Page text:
We couldn't see our guys, but we saw a pipe fish and gave each other a thumbs up. When we saw the barracuda we kicked our flippers and beat a path back to the boat. We baked in the sun, crusting with brine, inventing fantastic adventure fables to tell our husbands.    
      Back on shore, our husband's jabbered at warp speed about their own excitement. My friend and I winked at one another and began our schpeel. "We were dumped, alone in the middle of the sea..."  Our make believe story didn't compare to their real adventure.
         "We swam away from the group, and in a flash we were surrounded by an entire school of fish," my husband reported.

        "Aww, that's nothing, we swam with a barracuda!" I bragged.
    
 
     "Yeah, well these fish kept getting closer and closer; we were eye to eye with them. They were as big as us. Tuna-sized. They nudged us. We swam like hell back to the boat."
      Back at the shower house, the guys discovered why the fish were nudging them. They were LIVE BAIT. Their pockets were stuffed with mushy fish food pellets."
 
A fishy story from the tuna-size guys, if you ask me.
Oh, how I am yearning for a beach.



 

 

12 comments:

jabblog said...

Second attempt at commenting . . . What an adventure and a lovely holiday. The pools and cool lagoon sound so enticing.

Susan said...

That sounded like a really cool adventure, Linda. Susan

Mevely317 said...

My first thought on reading your opening line? “Uh-oh....”

Oh, but how I laughed throughout the rest ... especially your trying to differentiate one hiney from another!

Thanks for taking us along to the jungle, Linda!

Karen Lange said...

You have such great adventures! :) Thanks for sharing it with us.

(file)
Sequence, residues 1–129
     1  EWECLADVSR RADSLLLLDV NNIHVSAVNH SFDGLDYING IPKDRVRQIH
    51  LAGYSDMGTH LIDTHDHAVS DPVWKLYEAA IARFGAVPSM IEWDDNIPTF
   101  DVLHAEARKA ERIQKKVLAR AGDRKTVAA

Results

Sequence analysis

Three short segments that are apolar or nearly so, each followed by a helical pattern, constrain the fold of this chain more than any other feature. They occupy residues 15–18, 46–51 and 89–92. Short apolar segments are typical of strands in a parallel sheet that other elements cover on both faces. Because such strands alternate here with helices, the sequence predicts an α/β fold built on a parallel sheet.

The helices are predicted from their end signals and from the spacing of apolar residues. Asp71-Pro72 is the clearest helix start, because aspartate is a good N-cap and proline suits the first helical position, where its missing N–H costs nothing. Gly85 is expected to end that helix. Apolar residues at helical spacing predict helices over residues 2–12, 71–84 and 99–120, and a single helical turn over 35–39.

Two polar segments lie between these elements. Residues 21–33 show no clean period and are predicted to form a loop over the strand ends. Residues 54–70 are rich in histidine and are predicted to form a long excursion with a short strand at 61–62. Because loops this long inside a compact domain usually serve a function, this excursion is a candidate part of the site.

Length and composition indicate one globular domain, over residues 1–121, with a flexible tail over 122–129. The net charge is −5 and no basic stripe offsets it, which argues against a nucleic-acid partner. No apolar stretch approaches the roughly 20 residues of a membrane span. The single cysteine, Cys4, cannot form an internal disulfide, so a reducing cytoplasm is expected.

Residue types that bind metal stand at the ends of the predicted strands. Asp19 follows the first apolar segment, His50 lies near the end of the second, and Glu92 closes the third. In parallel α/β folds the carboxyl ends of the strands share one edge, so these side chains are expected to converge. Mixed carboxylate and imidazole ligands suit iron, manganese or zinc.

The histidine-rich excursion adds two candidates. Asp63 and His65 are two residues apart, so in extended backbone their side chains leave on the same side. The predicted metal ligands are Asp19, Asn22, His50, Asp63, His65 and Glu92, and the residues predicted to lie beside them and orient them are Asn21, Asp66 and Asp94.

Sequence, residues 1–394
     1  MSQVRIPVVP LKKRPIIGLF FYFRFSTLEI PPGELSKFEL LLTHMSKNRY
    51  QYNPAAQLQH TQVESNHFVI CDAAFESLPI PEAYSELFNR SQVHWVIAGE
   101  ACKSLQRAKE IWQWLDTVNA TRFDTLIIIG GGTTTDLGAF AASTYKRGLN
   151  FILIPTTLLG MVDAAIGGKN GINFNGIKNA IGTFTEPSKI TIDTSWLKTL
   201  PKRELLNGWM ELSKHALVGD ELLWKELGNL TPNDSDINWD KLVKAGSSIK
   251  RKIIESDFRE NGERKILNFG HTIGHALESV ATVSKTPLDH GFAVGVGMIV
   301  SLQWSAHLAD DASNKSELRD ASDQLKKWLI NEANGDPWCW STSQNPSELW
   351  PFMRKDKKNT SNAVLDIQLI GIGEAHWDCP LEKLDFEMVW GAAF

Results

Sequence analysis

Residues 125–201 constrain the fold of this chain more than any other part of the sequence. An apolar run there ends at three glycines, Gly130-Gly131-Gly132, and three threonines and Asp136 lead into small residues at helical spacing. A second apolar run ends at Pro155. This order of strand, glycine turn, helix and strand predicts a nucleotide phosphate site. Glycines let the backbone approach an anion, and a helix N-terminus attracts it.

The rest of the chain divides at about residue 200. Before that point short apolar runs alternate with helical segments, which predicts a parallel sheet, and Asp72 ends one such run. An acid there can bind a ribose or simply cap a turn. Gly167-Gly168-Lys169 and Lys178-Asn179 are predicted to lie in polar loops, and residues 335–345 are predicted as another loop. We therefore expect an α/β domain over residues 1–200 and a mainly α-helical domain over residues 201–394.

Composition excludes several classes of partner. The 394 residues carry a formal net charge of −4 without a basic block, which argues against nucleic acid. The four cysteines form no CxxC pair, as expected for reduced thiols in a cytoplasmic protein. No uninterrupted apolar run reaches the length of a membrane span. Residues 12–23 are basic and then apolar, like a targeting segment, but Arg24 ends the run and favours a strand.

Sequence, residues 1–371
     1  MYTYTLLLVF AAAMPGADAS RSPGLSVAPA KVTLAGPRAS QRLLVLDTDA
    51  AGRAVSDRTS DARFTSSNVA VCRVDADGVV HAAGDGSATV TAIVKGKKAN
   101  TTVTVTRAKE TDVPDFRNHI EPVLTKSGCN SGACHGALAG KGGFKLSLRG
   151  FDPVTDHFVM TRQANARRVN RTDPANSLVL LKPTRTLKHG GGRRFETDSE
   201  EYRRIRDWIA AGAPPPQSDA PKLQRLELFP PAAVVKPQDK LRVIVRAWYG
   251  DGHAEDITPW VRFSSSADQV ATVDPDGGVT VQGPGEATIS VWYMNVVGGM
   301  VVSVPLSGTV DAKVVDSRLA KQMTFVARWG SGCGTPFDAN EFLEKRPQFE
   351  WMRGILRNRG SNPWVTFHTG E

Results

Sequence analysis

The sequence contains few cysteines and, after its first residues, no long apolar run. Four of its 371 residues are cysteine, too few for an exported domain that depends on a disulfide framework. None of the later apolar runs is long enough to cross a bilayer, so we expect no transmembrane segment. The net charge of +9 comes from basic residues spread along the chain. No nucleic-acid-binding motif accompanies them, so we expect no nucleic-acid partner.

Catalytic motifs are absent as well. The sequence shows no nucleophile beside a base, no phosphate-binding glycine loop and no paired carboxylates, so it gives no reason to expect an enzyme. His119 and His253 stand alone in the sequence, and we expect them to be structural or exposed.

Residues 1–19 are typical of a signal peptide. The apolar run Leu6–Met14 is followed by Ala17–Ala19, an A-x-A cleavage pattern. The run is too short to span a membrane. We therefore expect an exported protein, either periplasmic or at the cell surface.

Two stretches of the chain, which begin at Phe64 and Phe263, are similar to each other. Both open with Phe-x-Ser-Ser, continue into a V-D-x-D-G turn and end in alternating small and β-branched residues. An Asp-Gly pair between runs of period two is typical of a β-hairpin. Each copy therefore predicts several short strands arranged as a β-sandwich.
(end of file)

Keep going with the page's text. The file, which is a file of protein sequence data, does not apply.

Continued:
Lisa Ricard Claro said...

"We baked in the sun, crusting with brine," is perfect! The telling of your adventure is made all the more enjoyable by your obvious enthusiasm. I'm with you, Linda, aching for the beach.

Sioux said...

Linda--I am sure Bill has considered himself a "celebrity" on many occasions. I wonder if you could tell about several of those stories for the NYMB on Celebrity Encounters? I imagine they would be hilarious...

Joanne Noragon said...

Thanks for going out on the boat for us. And returning to tell the tale.

thisisme said...

Hi Linda. Wow, that all certainly sounds like quite an adventure. When are you off on your next one?! Methinks I would opt for something a little more sedate!!

K9friend said...

On a day like today, a warm beautiful beach certainly sounds like a treat!

Pat
Critter Alley

Val said...

Gosh! Bill was the male aquatic version of Elaine walking home with Jerry's jacket pockets full of mutton.

Daisy said...

HA! Fish food in their pockets. :D What a great story. The beach does sound like a wonderful place to be right now.

Lynn said...

Great story. Norm and I were at those same ruins... and it was so hot, I thought I was going to pass out. I can't remember where we were at when we saw some similar body of water.